There was a stillness about the house as she turned on her automatic espresso maker and prepared the milk to steam for her latte. She did these tasks with a rote familiarity that came with daily repetition. Soon her quiet domain would be inundated with the sounds of her family scuttling about getting ready for their own day. “Mom, can I have money for lunch?” was the most common request from her teenager, and “Mom, please sign this permission form…” often came from her pre-teen who was on so many teams she was sure she would be out of class more than she was in, during the spring season.
These moments were the best. She especially loved the argumentative banter between the kids that was full of love and caring, even if it had a touch of sarcasm and the occasional angry tone. It was during these times she truly felt alive, truly understood the joy of being a MOM. These feelings of joy and contentment however, were short lived — contained only in the presence of her precious children.
It was after the door closed and everyone was gone, that she permitted herself to feel deflated. The empty house, full of empty chores and disorganization sat like a brick on her chest. That brick was so heavy it was impossible to lift or move. Instead, she flopped down on the couch and just as mindlessly as she’d made her coffee earlier, she flicked on the television and found an intellectually numbing show that was likely geared to the cognitive ability of a five-year old.
Is that what it has come down to she wondered? Television and media aimed to the lowest possible intellect to encourage addiction at an early age? Still it hardly mattered. Nothing mattered — really.
She laid down now, taking some comfort in the contradictory feeling of the cold leather under her and the warm blanket she’d pulled over herself. Half listening to the tube and half listening to her own internal dialogue berating herself for not being able to get up off the couch and do something, for not being good enough.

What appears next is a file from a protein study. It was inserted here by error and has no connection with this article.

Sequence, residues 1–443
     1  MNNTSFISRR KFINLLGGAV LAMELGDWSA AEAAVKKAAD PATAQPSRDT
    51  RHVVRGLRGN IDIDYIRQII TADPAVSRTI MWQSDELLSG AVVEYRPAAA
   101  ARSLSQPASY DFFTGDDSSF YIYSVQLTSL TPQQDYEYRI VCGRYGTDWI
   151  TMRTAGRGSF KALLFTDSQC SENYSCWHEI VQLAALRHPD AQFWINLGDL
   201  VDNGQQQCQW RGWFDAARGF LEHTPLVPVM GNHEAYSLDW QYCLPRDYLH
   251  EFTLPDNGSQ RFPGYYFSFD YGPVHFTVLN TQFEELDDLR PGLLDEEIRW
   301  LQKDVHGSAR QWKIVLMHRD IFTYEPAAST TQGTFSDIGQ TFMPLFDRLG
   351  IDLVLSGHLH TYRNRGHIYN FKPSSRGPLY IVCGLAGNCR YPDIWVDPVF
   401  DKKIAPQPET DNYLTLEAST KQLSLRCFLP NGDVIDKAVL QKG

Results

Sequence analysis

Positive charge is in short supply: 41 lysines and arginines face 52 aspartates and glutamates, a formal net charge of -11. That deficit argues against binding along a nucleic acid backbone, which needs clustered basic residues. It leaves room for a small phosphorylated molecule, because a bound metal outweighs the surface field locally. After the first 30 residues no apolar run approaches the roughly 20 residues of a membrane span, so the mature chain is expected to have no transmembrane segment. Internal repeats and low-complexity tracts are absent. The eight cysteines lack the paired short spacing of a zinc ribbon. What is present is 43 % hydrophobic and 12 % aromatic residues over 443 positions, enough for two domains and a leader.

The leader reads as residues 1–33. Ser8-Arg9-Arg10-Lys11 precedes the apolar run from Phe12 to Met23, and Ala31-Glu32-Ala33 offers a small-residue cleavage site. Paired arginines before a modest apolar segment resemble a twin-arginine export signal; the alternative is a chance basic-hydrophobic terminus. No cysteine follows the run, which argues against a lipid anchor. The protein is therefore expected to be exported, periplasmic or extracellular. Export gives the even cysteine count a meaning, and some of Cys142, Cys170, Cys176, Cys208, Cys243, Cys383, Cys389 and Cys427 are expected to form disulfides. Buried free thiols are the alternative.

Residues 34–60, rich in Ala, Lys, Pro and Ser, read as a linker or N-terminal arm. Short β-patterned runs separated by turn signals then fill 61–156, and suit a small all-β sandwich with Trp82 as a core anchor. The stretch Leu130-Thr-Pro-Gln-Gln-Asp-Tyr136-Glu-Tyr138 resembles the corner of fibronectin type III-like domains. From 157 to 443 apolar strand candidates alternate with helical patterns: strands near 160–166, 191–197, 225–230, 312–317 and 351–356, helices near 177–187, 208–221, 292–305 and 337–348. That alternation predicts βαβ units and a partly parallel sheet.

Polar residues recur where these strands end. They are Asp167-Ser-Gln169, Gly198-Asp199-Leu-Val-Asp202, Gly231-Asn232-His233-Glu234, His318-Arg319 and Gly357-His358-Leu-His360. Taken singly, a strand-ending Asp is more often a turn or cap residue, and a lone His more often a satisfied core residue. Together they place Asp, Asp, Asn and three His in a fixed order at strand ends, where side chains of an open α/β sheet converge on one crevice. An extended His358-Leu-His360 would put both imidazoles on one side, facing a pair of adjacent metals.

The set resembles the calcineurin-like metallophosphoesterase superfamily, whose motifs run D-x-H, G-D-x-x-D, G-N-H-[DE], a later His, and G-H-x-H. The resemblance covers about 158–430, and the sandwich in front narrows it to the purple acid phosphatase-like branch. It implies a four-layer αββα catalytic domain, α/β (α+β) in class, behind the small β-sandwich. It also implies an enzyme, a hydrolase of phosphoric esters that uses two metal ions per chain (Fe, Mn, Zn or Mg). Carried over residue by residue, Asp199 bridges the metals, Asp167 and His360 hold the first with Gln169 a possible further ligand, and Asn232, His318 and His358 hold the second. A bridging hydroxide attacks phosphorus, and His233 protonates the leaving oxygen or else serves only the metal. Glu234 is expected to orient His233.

That was the clincher, maybe it was less about the overwhelming task of life than it was about her underwhelming ability to handle it? She would stay there all day, laying under the weight of disappointment, the weight of expectations, and most of all, the weight of failure. It had become clear to her many years ago, that she was gravely inept. And today like every other day she closed her eyes and sank into the old couch basking in the depressiveness that she so artfully hid from the rest of the world.
There were pills, they were easy enough to get. A small sleeping issue complaint to the family doctor a few times and she had enough to make it count. These pills sat hidden in her underwear drawer, and they nagged her incessantly. Do it, they cried. Get some water and meet us in the bedroom they called. And sometimes, only sometimes they whispered her name throughout the entire day. Those were the toughest days of all.
Those were the days she wandered into her room, and stood in front of her dresser for long periods of time. Thinking. Just thinking. Once or twice, maybe more if she really gave it thought, she might have brought a water-glass with her as well. Something to wash the pills down with. So far she’d been able to work up the courage to prevent herself from opening the drawer and root around looking for those little blue pills, but one day she might not be strong enough, and that was the scariest thought of all.
Today was not one of those days, and for that she was thankful. No, today she lay on the couch until the very last moment. Only then did she get up and shuffle to the kitchen. Finding a bowl, she added the ingredients she knew by heart, mixed until combined and baked until golden. Just in time for the children to arrive home from school. It would be wonderful to see their reactions to the smell of fresh-baked cookies when they walked through the door.
As a social worker, Lisa Washbrook is a survivor of all kinds of things, but especially life. She prefers to see the glass half-full, and can be found at https://whatdifferencewemake.wordpress.com/